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MBCN Announces Their 2015 Metastatic Breast Cancer Research Leadership Awards

metastatic

I want to share a press release from the Metastatic Breast Cancer Network (MBCN), an all-volunteer, patient-led organization, that has long advocated for more focused metastatic breast cancer research that improves outcomes in the clinic for patients with metastatic breast cancer, an incurable disease that ends the lives of 108 people every day of the year.

April 10, 2015 – NEW YORK — The Metastatic Breast Cancer Network (MBCN) announced the 2015 recipients of its Metastatic Breast Cancer Research Leadership Awards: Dr. Andrew Ewald, associate professor in the Departments of Cell Biology and Oncology at the Johns Hopkins University School of Medicine and Dr. Matthew Ellis, the director of the Lester and Sue Smith Breast Center at Baylor College of Medicine.

“In 2014, MBCN made a commitment that all memorial contributions made to MBCN would go to funding metastatic research,” said Shirley Mertz, President. “We are pleased to present leadership awards of $50,000 each to two individuals whose work contributes significantly to understanding basic knowledge about the process of metastasis and to improving how patients are treated.”

 Mertz, living with metastatic breast cancer since 2003, noted that although metastatic breast cancer is responsible for virtually every breast cancer death, it receives only a tiny percentage of the billions dedicated to breast cancer research.

“MBCN is a founding member of The Metastatic Breast Cancer Alliance,” Mertz said.“The Alliance’s Metastatic Breast Cancer Landscape Analysis released in October 2014 found that metastatic focused research made up only 7% of the $15 billion invested in breast cancer research from 2000 to 2013 by the major governmental and nonprofit funders from North America and the United Kingdom. Breast cancer remains the second leading cause of cancer death for women in the US, and it is the leading cause of cancer death for women globally. We know research holds the key to changing those statistics—we are proud to support the work of Drs. Ewald and Ellis.”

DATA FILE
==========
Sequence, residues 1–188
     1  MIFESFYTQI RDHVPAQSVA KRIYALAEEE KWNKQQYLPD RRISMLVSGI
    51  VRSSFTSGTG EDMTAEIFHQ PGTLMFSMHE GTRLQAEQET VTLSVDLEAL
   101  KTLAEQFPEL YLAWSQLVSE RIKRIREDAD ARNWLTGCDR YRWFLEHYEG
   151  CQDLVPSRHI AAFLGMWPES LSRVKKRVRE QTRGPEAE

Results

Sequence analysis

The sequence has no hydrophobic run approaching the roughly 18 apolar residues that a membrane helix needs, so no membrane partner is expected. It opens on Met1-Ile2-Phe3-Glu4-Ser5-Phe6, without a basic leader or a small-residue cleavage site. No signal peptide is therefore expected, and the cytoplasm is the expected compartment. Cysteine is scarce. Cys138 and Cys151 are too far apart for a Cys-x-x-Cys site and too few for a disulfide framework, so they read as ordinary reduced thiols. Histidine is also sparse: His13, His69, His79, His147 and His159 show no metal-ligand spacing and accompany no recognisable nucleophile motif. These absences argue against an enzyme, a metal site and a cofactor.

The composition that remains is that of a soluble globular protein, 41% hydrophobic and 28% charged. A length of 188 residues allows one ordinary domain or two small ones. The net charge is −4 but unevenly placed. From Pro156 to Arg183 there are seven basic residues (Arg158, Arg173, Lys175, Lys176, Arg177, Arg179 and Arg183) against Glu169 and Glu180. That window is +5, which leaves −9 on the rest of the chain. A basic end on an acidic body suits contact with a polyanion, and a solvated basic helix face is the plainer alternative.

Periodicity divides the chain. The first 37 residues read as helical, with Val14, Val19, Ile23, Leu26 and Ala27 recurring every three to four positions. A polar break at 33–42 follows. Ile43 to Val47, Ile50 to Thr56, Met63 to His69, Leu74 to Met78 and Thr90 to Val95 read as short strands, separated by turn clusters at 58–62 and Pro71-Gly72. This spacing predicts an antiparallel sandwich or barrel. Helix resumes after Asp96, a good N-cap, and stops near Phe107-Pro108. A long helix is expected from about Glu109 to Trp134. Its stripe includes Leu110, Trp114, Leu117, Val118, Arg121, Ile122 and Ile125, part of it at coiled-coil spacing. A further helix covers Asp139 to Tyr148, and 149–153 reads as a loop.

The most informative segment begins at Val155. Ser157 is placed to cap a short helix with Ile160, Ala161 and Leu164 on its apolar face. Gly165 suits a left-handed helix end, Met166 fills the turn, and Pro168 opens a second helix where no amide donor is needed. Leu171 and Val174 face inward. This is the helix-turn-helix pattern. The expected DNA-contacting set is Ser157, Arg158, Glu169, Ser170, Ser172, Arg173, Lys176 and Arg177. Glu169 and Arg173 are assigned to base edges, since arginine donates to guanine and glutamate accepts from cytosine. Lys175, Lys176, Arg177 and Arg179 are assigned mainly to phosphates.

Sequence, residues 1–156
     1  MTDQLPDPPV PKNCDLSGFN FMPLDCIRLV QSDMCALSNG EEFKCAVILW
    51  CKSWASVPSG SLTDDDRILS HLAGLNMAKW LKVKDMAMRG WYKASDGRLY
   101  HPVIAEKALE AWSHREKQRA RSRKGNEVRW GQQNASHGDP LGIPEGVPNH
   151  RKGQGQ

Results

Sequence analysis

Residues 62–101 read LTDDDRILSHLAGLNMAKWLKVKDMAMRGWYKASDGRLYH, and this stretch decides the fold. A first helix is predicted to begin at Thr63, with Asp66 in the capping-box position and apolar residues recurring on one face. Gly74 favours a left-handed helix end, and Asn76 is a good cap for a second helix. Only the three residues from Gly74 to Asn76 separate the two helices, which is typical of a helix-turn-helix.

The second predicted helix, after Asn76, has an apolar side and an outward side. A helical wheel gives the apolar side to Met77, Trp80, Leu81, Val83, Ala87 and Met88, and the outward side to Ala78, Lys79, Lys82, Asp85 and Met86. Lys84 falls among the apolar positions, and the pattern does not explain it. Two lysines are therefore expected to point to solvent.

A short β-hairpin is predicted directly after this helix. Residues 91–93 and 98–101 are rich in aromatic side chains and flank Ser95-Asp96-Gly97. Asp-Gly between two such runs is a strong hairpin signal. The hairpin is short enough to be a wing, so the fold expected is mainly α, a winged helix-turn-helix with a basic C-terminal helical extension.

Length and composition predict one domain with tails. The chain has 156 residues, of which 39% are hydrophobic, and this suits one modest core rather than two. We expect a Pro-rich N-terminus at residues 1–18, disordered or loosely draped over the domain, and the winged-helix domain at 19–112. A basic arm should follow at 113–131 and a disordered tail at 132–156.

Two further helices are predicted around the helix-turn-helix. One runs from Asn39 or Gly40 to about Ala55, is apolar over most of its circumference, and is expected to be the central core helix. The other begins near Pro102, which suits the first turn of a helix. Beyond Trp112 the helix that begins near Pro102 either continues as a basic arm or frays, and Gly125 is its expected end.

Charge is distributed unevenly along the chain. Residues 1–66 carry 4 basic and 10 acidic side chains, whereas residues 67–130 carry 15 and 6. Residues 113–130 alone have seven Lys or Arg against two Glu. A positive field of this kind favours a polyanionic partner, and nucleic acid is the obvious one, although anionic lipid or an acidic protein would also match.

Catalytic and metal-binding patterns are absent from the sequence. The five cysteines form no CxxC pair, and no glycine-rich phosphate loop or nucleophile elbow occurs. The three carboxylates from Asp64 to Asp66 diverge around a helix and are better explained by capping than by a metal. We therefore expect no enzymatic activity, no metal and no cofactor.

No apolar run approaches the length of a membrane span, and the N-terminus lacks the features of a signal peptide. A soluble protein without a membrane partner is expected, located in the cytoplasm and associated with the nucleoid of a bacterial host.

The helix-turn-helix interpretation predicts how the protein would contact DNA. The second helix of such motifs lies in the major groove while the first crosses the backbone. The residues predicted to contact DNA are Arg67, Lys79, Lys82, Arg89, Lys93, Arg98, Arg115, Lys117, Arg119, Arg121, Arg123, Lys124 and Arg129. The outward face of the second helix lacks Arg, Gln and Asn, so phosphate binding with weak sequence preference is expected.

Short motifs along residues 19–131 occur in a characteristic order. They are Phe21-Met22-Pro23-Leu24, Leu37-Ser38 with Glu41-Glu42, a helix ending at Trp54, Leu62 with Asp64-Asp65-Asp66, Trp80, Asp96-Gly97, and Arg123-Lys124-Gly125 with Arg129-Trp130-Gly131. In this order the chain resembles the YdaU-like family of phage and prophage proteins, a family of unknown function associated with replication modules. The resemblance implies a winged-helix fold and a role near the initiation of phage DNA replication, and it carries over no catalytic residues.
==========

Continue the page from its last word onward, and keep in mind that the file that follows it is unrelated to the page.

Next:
Improving Knowledge About Metastasis: Dr. Andrew Ewald, Assistant Professor in the Departments of Cell Biology and Oncology at the Johns Hopkins University School of Medicine

Dr. Ewald is an interdisciplinary cell and cancer biologist. His laboratory, made up of basic science and medical trainees working in collaboration with engineers and clinicians, pioneered the development and use of 3D culture techniques to capture and analyze in real-time the growth and invasion of breast cancer tumor cells.

This work is providing deeper insights into the biology of metastasis. Dr. Ewald’s work is complex, and yet he is able to explain his work in a way that patients can understand, as this video demonstrates (https://www.youtube.com/watch?v=gezIo3p2dl8).https://mbcnbuzz.files.wordpress.com/2015/04/andrewewald.jpg&h=203

“Breast cancer patients of all stages are shocked to learn that after 30 years of breast cancer research, scientists cannot fully explain how and why breast cancer cells leave the breast and travel to distant organs, particularly many years after successful treatment for early stage disease,” said Mertz. “Unfortunately, this happens to about 30% percent of early-stage patients—and we don’t know why. How can we optimally treat the disease if we do not understand the processes that caused it’s spread?”

Dr. Ewald believes research that seeks to understand and describe how cancer cells learn to make connections to other nearby cells, travel through local tissues and the blood stream, and then establish themselves as a new tumor in the bone, lung, liver or brain will lead to new strategies and treatments to control or eliminate cancer cells from accomplishing these steps to metastatic spread and ultimately improve outcomes for individuals with metastatic breast cancer.“We applaud Dr. Ewald on his important and challenging work in cell and cancer biology,”Mertz said. “MBCN and its members will continue to follow future developments in his research.”